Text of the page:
But if they are changing rapidly in value, U$D is down 10% yoy to gold for last 10 years ... and that will likely be accelerating in the near future as the money printed the last 3 years blows the system apart, then why keep using a useless measuring stick?

SgtSpike
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May 05, 2011, 07:53:39 AM
 #29


But if they are changing rapidly in value, U$D is down 10% yoy to gold for last 10 years ... and that will likely be accelerating in the near future as the money printed the last 3 years blows the system apart, then why keep using a useless measuring stick?
Because everyone knows TODAY what USD will buy TODAY.  It's understandable, changing as it may be.  No one knows what 683 ounces of gold will buy.  Everyone knows what $1M will buy.  Whether $1M will buy the same amount of stuff a year from now is not relevant to the discussion, because we are talking about purchasing power TODAY, not a year from now.
FreeMoney
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May 05, 2011, 09:38:12 AM
 #30


But if they are changing rapidly in value, U$D is down 10% yoy to gold for last 10 years ... and that will likely be accelerating in the near future as the money printed the last 3 years blows the system apart, then why keep using a useless measuring stick?
Because everyone knows TODAY what USD will buy TODAY.  It's understandable, changing as it may be.  No one knows what 683 ounces of gold will buy.  Everyone knows what $1M will buy.  Whether $1M will buy the same amount of stuff a year from now is not relevant to the discussion, because we are talking about purchasing power TODAY, not a year from now.

I'd say a lot of people have no idea what a million will buy. Have you seen The Price is Right? People are routinely off by 20%+ when shown ~$50k worth of stuff. Most people probably think that $1M is worth about a million snickers bars.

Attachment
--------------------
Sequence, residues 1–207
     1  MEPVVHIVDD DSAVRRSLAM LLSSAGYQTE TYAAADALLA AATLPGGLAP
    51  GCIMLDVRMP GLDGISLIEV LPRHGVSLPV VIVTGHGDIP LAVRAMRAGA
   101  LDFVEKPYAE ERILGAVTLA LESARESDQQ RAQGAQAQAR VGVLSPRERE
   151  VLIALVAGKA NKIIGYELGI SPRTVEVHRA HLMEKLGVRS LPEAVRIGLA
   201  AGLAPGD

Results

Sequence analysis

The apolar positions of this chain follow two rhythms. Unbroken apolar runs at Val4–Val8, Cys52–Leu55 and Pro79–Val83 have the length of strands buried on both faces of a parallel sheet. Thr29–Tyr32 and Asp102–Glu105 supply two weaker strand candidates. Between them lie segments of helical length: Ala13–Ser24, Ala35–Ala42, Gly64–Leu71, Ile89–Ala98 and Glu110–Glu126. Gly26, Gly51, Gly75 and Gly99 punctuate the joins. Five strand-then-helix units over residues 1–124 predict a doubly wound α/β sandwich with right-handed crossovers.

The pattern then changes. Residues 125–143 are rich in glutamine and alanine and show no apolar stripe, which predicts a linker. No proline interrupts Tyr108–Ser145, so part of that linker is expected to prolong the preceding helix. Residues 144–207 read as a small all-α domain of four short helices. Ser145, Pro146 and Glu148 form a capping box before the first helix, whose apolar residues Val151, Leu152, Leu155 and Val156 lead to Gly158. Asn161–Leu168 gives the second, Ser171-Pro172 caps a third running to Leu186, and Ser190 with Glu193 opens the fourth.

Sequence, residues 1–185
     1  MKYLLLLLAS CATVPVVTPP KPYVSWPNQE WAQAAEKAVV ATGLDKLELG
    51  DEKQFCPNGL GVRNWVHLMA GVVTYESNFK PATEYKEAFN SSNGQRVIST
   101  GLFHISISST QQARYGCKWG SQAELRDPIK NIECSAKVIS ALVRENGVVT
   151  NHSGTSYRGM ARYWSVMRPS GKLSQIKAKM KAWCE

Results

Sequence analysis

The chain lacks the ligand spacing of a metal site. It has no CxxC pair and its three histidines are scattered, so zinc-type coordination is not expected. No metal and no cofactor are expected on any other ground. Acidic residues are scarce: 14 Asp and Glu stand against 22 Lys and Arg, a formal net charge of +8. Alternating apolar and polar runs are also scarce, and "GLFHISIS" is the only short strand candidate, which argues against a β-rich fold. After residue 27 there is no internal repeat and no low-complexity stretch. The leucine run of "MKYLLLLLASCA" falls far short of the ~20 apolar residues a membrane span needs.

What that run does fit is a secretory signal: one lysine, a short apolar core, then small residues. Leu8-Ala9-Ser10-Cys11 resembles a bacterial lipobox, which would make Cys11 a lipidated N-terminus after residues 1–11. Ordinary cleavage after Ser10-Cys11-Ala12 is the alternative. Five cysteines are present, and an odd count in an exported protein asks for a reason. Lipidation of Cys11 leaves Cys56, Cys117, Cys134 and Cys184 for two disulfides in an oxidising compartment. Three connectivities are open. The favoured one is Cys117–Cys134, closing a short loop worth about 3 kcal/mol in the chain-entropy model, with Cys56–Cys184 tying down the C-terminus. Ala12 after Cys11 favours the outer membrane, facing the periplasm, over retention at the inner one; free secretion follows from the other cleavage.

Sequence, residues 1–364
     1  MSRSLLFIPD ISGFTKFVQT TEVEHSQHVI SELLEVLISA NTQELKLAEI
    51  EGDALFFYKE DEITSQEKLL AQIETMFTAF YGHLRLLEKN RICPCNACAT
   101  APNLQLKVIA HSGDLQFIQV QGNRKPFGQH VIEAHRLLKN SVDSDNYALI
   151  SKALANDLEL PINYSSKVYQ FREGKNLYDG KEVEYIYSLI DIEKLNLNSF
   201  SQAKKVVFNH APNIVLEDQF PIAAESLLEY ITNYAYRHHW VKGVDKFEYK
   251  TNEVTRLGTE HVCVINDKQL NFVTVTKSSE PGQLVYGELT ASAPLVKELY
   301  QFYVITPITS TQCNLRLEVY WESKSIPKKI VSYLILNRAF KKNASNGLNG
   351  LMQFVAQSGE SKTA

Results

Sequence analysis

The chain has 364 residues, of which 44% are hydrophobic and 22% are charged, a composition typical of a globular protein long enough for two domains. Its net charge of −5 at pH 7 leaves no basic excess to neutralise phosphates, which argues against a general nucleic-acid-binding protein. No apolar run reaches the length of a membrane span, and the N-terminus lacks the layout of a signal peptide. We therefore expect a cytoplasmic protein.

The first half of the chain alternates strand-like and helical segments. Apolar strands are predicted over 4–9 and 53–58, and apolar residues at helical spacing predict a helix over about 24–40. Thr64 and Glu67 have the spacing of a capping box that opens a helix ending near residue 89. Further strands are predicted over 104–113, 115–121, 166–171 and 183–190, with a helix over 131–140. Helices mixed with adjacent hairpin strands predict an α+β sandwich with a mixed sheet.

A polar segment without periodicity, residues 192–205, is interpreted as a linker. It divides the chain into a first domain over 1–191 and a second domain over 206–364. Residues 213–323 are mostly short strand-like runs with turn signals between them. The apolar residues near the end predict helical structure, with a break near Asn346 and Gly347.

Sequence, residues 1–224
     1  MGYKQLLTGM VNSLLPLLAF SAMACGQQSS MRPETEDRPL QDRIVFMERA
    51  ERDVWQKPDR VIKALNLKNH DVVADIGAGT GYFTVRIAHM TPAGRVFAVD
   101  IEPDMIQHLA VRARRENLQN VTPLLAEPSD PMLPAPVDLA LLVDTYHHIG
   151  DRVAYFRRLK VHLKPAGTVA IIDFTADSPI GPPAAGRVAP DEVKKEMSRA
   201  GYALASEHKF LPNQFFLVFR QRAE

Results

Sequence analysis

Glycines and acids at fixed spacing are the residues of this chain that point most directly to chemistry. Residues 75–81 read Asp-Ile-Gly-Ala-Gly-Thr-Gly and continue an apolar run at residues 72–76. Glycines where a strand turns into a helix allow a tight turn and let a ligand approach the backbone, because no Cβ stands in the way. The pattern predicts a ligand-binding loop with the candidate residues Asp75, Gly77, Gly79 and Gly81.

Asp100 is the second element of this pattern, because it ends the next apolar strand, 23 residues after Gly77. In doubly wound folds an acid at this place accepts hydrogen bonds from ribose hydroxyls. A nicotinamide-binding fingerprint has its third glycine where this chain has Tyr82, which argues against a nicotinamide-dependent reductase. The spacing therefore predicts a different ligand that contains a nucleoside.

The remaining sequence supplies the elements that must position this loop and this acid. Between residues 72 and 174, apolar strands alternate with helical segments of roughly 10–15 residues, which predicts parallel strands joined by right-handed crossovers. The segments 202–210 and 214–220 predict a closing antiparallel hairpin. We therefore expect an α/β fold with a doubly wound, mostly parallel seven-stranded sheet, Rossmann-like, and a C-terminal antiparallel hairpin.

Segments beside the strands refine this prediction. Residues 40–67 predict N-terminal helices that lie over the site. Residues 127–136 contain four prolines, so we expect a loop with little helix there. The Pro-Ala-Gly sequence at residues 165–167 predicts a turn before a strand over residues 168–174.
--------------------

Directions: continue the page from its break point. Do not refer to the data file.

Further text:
I don't disagree that people think they know what money is worth, but that's largely an illusion that comes from being around it all the time. Valuing things correctly even in the familiar dollar is not trivial. What is trivial is doing a division from the known market rate of gold or BTC and then doing the hard part.

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ribuck
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May 05, 2011, 10:15:54 AM
 #31

This is an oversimplification, really.  It doesn't consider the effects of velocity of money on the trade value.  Bitcoin has the potential to have a very high average velocity...
Indeed Bitcoin may result in a much higher velocity of money than we are accustomed to. It's possible that, with Bitcoin, an employer could pay an employee every hour instead of every week (for example). And a store could pay their suppliers "item by item" instead of monthly.

But no matter how high the velocity of money, you still need a "float" so that you can buy a single item at once. The figures I used ($50 to $500) are just high enough that you could buy something like a TV or an air ticket from your wallet (rather than needing to use a credit card).

As I said though, it's "just playing with numbers". There are so many variables that no-one can predict accurately where the value of a bitcoin will end up.